That said, it seems reasonable that one should feel some significant relief within a handful of sessions. My chiropractor was instrumental in helping my shoulder when I was training for Ironman, but when I went to her this winter with my situation, her therapies weren't working.

On the flip side, 50 clam shells with a band around my knees and 40 glute bridges with a band around my knees always provides relief.

5. And manage it mentally.

Easier said than done, as anybody who has been sidelined for extended periods of times knows. Here's what has been working for me: emphasizing sleep, working in my garden, making sure I'm eating relatively well, checking out books at the library that have nothing to do with running, meditating for 10 minutes a day, then hanging with Sylvia Boorstein or Pema Chodron for another 10 minutes.

Today, Sylvia reminded me that, pain is inevitable, but, "suffering is the demand that something be different than what it really is."

I cause myself to suffer when I set arbitrary dates on when I'll be running again. I cause myself to suffer when I think about what I should have done differently to avoid the injury. I'm healing now. I will run again one day, but that day is not today, and it's likely not tomorrow or three weeks from now. That's ok.

6. Be kind to runners.

This doesn't mean I'm advocating standing at the starting line of the half-marathon you can't run, but jealousy and envy aren't exactly healing emotions.

If I see a runner as I drive back from a swim, I do my best to think, "I hope you are having a good run and feeling strong." (Or if I'm feeling really noble and am channeling Sylvia, I think, "May you live well and be well.")

7. Don't compare your cross-training and/or physical therapy to running. Spoiler alert: It won't measure up.

Whether you genuinely love your miles or just love how you feel after your miles, running is the gold standard: super accessible; relatively affordable; a calorie torcher; good catch-up time with friends and/or podcasts/music; fresh air in spades. It's all there.

Everything else has some kind of drawback. The dude next you at the gym on the elliptical is picking is nose. Swimming leaves your skin lizard dry. Squats on the BOSU in your laundry room? No fresh air for miles.

If you're constantly complaining about what you actually can do and lamenting what you can't do, you're wasting energy. Of course I'd rather be running than swimming, but that's not my reality right now. (Or as Sylvia says, it's not what I wanted, but it's what I got.) I can swim, I can walk for an hour, I can clamshell and TVA march and plank with the best of them. #goodenough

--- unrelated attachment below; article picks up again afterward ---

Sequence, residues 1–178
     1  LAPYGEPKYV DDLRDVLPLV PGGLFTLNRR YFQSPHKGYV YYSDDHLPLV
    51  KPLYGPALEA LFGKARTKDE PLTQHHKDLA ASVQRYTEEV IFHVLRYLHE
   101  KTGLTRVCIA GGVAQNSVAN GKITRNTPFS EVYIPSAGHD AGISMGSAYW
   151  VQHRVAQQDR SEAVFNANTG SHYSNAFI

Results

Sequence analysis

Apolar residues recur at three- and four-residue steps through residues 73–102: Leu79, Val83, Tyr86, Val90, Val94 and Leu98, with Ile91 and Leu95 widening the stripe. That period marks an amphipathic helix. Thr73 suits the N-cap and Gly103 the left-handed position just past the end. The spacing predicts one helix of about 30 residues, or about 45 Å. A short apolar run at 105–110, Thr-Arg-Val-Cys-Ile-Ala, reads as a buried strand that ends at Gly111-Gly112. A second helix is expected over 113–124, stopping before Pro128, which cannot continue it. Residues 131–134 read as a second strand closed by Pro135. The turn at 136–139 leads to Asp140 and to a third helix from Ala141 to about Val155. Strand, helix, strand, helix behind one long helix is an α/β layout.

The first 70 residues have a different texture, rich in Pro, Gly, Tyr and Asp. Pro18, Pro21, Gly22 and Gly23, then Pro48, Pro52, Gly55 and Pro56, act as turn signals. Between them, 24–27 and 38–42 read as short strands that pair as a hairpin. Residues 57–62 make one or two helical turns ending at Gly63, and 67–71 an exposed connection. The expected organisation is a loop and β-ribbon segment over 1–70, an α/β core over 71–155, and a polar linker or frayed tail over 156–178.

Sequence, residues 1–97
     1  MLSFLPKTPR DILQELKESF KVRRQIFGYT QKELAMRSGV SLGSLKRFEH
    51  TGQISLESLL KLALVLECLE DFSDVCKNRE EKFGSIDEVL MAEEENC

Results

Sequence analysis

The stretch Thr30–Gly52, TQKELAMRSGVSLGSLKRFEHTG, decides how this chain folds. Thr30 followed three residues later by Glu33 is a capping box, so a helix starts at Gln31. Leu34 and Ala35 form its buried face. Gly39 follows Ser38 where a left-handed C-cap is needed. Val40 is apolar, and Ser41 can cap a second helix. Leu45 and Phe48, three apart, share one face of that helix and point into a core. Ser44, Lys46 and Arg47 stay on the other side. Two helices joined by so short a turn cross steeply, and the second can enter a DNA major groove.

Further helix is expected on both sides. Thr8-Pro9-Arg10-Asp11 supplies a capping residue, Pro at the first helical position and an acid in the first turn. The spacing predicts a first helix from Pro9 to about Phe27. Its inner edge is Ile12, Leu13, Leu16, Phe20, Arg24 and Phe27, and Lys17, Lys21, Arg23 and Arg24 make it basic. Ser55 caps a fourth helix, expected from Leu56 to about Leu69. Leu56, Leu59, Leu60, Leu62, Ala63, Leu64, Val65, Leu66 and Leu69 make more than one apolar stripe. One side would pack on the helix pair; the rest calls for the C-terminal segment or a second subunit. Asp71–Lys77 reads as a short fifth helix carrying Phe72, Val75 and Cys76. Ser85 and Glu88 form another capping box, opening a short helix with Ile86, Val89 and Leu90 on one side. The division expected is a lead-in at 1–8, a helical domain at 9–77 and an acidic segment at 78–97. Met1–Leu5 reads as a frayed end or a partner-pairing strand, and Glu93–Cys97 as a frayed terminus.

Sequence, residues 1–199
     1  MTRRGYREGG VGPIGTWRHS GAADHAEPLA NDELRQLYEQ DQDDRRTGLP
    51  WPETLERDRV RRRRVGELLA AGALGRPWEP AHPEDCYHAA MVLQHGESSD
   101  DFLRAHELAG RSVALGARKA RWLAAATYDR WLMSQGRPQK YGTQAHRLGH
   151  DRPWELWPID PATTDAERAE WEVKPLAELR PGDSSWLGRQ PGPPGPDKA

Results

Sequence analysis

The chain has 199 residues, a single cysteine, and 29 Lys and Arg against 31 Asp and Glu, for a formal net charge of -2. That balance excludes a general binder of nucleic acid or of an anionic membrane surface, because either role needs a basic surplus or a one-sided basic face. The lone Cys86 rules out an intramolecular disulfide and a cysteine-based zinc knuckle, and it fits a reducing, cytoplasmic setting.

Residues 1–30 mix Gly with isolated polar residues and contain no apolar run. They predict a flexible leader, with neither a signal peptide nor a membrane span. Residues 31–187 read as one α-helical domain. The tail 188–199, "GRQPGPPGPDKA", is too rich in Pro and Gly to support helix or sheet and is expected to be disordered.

8. Chronicle your progress.

It's super easy (and emotionally, very fulfilling) to throw up a run on Strava or in Training Peaks, but how satisfying is it to document a 15 minute session on the elliptical? Not very. Still, I'd argue that documenting your situation, both in terms of exercise and pain, is super important for two reasons:

—First, you have a record of what you did. That nebulous did-that-help-or-hurt? mentality becomes a little easier to clear up when you notice that you did side planks on Tu and Th, and on Wed and Fri your left shoulder ached more than usual.

—Second, you're keeping yourself accountable. It can be crazy hard to keep up the momentum when you're improving by centimeters, not meters, and filling in a chart is (and putting your workouts on social media, if you're so incline) gives you a gentle push.

(Full disclosure: I haven't been super good at this lately, but I'm going to get better again. Feel free to cheer for my swims on Strava!)

9. Cry. Totally fine to let your waterworks open again and again. Running is an integral part of my identity—and if you've read this far, it's part of your's too. Missing that slice of your life is going to hurt, and not acknowledging the absence hurts even more.

What ways have I missed?
How do you navigate your running injuries?

27 responses to “Chronic Running Injuries: 9 Ways to Cope

  1. Thank you for this, Dimity. I too have been through a long term injury (and am hopefully now on the tail end of a medium term issue). I especially appreciate your comment about accepting that running is the “gold standard” for me — nothing else feels as good!

    Personally I’ve found it helpful to stay involved in races when I can. As much as I’d like to be crossing that Start line myself, there’s a real satisfaction in cheering for those who are. Plus I earn the right to wear some special swag (I especially love my Boston Marathon jacket).

    I appreciate your tenacity to keep on keepin’ on in the running community despite the challenges you are facing.

  2. I pray for you feeling better (and closer to getting back to the Run) soon, Dimity. At present, I’m in the same situation. I finished HR 101 in March and thought, now I’m ready for a great season. Oops! Back up. Life had other plans. I joined a friend who was returning from a 3-bone ankle